Notes and Editorial Reviews
Also available on Blu-ray
Picture format: NTSC 16:9
Sound format: PCM Stereo / Dolby Digital 5.1
Region code: 0 (worldwide)
Subtitles:German (Original language), English, French, Italian, Spanish
Running time: 109 mins
R E V I E W:
This exciting performance from the 2010 Salzburg Festival is effectively directed by Nikolaus Lehnhoff and leaves the ghastly story to tell itself. Almost all productions of this opera look and "feel" the same; the music and story are so overwhelming that no re-interpretation is attempted, although some emphases have been validly
altered here. The characters are in 20th-century dress (costumes by Andrea Schmidt-Futterer), mostly quite bleak and rigid, save for Klytemnestra, in purple gown with feather boa, and Aegisth, in three-piece business suit. The set by Raimund Bauer is a skewed, leaning courtyard of some institutional building, with rectangular windows and doors at odd levels. And, of course, it is slate, depressing gray.
Irene Theorin's Elektra is more human and warmer than any I've encountered. Her craziness is clear, but so is her vulnerability, and the voice is in marvelous shape. She doesn't have the steely edge of Nilsson or Varnay at their hottest, but she still cuts through the orchestration with no trouble. She is spared a dance, happily; she merely wanders insanely about the stage until she collapses at her brother's feet. Eva-Maria Westbroek's Chrysothemis, in a nice dress, is lovely and puzzled; she wants the world to be a normal place and can't believe where she is or how she got there--again, a very human interpretation. And vocally, the role holds no terrors for this fine spinto.
In a change from the usual grotesque harridan, Lehnhoff gives us a glamorous Klytemnestra, perhaps not as wretched as her daughter: when she hears that her son is dead, she does not emit the usual maniacal cackle--it is left to her attendants to do so. The opera's final tableau--as a huge door opens and we see the body of Klytemnestra hanging upside down--is as shocking as it is nasty and effective.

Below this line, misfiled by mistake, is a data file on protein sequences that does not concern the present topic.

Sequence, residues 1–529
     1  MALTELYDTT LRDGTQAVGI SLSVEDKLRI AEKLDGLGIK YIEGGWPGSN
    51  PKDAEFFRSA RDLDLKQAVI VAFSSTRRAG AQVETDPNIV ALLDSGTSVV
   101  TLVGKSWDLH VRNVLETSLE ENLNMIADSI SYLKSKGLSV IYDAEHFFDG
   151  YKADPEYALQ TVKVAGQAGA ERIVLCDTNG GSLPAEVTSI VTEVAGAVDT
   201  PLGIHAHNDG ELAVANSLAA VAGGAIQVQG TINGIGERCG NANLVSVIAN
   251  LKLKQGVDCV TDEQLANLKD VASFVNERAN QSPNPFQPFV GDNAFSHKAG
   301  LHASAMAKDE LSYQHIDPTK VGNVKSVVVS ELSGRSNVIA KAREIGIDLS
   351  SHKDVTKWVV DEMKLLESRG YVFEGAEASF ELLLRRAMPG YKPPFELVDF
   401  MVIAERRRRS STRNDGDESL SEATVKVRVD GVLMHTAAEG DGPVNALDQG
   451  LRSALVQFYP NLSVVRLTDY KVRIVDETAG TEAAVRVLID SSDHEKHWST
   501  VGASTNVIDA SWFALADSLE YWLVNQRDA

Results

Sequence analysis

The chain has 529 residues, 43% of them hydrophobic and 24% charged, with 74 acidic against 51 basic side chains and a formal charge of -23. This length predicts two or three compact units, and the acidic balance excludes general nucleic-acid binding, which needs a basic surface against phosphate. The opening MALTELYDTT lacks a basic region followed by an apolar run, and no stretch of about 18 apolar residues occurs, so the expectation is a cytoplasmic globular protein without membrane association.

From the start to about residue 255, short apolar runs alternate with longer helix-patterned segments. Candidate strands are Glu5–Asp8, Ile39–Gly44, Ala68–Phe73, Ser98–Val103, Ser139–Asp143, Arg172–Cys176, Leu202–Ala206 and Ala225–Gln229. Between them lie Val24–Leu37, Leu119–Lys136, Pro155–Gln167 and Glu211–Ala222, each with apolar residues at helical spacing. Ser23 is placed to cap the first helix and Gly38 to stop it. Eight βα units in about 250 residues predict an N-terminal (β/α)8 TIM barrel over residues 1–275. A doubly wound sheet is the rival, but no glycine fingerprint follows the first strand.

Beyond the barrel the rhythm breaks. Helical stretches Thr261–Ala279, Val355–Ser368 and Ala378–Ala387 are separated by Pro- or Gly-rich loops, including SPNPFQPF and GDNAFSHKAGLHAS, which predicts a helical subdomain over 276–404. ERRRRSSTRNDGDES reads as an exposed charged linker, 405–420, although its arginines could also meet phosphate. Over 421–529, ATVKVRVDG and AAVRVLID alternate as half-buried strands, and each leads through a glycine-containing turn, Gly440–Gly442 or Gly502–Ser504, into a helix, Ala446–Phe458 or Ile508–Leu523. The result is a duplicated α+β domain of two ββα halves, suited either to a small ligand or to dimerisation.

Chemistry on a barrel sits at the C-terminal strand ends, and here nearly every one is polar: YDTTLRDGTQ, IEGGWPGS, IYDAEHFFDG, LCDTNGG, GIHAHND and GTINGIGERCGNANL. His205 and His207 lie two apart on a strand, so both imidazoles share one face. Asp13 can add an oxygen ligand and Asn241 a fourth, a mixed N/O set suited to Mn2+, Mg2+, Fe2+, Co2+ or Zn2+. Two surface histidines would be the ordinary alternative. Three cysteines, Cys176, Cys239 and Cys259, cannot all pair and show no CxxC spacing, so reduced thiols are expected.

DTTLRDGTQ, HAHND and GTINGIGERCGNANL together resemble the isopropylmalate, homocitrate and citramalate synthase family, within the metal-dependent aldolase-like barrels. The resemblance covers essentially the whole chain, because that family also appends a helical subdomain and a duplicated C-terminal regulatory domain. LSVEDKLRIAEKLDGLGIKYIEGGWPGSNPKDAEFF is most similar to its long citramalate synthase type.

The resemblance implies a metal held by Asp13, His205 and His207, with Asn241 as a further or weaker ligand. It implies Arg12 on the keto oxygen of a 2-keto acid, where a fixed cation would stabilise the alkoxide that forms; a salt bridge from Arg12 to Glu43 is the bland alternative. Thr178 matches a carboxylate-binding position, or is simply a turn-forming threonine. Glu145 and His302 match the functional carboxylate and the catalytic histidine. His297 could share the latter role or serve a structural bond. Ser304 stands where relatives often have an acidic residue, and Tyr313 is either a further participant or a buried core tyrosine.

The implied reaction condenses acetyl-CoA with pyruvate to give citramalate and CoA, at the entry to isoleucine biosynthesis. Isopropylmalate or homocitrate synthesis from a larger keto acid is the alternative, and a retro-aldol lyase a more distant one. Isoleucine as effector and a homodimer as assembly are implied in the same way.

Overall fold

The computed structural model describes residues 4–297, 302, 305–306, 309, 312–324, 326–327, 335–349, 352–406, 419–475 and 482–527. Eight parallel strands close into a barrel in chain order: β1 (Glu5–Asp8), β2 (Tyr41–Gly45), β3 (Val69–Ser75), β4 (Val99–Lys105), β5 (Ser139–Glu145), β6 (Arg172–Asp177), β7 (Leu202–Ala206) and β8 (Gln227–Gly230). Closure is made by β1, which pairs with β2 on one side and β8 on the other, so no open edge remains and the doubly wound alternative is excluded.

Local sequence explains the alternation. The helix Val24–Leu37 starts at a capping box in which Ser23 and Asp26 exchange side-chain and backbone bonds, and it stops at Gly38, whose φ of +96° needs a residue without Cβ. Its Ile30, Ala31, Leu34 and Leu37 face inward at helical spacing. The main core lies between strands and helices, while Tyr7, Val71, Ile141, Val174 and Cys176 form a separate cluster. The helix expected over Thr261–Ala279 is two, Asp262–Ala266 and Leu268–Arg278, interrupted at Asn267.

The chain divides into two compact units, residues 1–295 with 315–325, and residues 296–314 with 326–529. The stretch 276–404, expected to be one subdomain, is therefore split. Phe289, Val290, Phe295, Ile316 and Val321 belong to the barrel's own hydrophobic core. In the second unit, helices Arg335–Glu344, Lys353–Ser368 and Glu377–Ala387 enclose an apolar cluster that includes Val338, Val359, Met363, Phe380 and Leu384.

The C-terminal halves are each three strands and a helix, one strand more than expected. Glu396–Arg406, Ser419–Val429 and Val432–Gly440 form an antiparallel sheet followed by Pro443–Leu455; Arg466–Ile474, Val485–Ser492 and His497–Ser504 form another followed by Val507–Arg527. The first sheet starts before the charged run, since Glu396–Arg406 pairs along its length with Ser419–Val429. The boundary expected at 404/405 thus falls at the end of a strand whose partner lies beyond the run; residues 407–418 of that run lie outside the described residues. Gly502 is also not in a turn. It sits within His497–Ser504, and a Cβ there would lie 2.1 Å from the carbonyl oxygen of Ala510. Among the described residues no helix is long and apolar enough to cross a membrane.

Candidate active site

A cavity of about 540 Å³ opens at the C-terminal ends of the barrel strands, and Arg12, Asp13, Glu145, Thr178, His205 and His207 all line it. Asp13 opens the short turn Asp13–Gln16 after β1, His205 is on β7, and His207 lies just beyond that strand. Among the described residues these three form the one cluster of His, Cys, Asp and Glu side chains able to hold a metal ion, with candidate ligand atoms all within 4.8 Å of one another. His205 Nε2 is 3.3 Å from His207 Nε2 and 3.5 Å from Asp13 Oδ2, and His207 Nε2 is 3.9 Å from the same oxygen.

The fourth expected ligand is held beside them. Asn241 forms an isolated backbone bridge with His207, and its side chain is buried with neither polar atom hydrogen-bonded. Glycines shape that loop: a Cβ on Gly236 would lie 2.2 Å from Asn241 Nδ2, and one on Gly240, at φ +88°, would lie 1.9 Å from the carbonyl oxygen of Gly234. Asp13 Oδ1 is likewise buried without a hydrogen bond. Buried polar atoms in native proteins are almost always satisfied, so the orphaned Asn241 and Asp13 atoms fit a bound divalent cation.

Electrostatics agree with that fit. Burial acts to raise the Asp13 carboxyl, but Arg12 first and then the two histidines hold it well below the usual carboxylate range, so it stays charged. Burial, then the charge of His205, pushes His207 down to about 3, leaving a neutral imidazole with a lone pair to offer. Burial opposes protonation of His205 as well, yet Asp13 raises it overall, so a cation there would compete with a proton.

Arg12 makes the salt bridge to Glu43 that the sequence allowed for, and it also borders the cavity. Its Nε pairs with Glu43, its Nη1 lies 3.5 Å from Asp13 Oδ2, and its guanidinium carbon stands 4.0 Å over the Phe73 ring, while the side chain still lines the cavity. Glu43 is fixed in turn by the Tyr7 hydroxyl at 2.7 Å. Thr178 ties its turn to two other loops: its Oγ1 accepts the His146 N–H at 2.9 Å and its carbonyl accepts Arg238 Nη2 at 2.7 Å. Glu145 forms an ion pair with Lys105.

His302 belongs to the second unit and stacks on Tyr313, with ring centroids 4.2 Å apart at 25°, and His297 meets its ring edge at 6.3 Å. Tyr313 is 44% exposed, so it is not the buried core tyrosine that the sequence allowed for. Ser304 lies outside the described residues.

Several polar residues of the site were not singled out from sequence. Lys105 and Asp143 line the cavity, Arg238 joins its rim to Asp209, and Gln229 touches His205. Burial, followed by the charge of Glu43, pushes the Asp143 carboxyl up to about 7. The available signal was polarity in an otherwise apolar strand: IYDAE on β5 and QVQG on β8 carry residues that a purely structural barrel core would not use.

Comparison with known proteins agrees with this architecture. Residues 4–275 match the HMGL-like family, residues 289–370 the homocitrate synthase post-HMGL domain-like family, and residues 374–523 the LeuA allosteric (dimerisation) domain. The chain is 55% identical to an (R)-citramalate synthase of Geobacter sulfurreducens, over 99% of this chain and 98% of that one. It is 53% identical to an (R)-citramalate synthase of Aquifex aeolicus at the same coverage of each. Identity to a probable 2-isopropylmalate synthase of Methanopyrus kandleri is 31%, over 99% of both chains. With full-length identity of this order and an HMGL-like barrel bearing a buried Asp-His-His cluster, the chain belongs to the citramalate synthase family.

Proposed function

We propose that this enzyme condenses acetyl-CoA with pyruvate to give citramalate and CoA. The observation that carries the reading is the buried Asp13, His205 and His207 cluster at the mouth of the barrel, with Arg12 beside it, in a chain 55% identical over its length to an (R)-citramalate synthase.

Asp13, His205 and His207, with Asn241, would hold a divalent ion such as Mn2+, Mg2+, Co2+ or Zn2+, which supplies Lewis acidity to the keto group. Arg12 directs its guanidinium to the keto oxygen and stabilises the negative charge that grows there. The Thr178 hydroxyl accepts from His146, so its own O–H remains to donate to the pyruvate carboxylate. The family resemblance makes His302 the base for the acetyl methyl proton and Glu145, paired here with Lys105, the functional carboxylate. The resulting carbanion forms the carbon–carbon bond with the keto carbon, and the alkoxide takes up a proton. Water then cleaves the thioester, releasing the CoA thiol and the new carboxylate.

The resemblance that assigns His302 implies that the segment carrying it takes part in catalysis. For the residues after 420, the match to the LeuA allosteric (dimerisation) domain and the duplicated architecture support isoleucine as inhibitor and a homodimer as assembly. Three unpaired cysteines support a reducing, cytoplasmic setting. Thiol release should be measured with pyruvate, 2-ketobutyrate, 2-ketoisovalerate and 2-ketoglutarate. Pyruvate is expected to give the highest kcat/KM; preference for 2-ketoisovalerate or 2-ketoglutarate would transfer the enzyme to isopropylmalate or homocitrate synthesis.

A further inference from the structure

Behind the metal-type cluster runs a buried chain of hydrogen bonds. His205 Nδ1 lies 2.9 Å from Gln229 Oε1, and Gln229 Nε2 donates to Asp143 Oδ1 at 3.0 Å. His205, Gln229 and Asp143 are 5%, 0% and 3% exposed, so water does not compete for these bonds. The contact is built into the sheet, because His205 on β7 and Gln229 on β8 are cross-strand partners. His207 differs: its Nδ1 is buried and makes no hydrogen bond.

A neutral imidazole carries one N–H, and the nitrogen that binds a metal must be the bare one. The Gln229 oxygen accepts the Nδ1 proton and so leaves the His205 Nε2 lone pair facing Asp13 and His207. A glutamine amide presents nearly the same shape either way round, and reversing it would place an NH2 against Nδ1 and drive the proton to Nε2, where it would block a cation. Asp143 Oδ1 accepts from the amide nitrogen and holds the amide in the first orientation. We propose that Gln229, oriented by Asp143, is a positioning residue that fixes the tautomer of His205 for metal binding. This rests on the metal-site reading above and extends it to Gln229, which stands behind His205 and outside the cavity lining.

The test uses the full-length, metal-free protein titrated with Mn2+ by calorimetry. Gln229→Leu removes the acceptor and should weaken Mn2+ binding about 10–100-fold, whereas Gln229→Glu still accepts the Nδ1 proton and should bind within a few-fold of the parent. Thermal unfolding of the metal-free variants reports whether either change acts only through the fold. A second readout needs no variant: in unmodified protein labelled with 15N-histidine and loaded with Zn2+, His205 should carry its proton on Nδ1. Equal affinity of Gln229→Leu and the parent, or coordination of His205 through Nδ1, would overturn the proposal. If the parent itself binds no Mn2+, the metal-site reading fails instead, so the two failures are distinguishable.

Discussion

René Pape is the thuggish Orestes, singing with dark, focused tone, and Robert Gambill makes the most of his playboy Aegisth. Daniele Gatti leads the Vienna Philharmonic with strength but not ferocity--as Strauss said, the notes on the page are loud enough. If I've given the impression that this Elektra is soft-edged in any way, I didn't mean to: it packs quite a wallop.
DG's film from 1981 with Rysanek in the title role is a fabulous shocker, but it's lip-synched and that is a bother; also on DG is a 1980 performance from the Met with Nilsson just slightly past her prime but still overwhelming. Eva Marton, under Abbado (on Arthaus) is remarkable as well. This one is on a par with any of them.
--Robert Levine, ClassicsToday.com
Works on This Recording
Elektra, Op. 58 by Richard Strauss
René Pape (Bass),
Eva-Maria Westbroek (Soprano),
Iréne Theorin (Soprano),
Waltraud Meier (Mezzo Soprano),
Robert Gambill (Tenor)
Vienna Philharmonic Orchestra,
Vienna State Opera Chorus Konzertvereinigung
Period: 20th Century
Written: 1906-1908; Germany
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